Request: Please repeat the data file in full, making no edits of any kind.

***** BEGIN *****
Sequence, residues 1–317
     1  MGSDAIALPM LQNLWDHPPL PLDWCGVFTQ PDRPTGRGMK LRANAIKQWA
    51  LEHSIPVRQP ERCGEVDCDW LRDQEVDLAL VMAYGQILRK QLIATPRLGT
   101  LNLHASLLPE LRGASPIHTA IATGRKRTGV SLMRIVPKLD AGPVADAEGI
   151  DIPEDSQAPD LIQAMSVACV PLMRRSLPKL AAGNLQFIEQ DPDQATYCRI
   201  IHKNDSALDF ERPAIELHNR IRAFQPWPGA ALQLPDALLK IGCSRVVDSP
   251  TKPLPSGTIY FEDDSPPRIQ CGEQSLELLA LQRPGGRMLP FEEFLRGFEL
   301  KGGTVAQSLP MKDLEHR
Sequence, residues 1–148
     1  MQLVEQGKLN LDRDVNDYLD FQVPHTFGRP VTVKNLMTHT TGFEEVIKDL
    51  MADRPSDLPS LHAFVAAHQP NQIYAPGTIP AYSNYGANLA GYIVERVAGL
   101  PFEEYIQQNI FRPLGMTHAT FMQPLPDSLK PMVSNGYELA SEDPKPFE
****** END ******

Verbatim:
Sequence, residues 1–317
     1  MGSDAIALPM LQNLWDHPPL PLDWCGVFTQ PDRPTGRGMK LRANAIKQWA
    51  LEHSIPVRQP ERCGEVDCDW LRDQEVDLAL VMAYGQILRK QLIATPRLGT
   101  LNLHASLLPE LRGASPIHTA IATGRKRTGV SLMRIVPKLD AGPVADAEGI
   151  DIPEDSQAPD LIQAMSVACV PLMRRSLPKL AAGNLQFIEQ DPDQATYCRI
   201  IHKNDSALDF ERPAIELHNR IRAFQPWPGA ALQLPDALLK IGCSRVVDSP
   251  TKPLPSGTIY FEDDSPPRIQ CGEQSLELLA LQRPGGRMLP FEEFLRGFEL
   301  KGGTVAQSLP MKDLEHR
Sequence, residues 1–148
     1  MQLVEQGKLN LDRDVNDYLD FQVPHTFGRP VTVKNLMTHT TGFEEVIKDL
    51  MADRPSDLPS LHAFVAAHQP NQIYAPGTIP AYSNYGANLA GYIVERVAGL
   101  PFEEYIQQNI FRPLGMTHAT FMQPLPDSLK PMVSNGYELA SEDPKPFE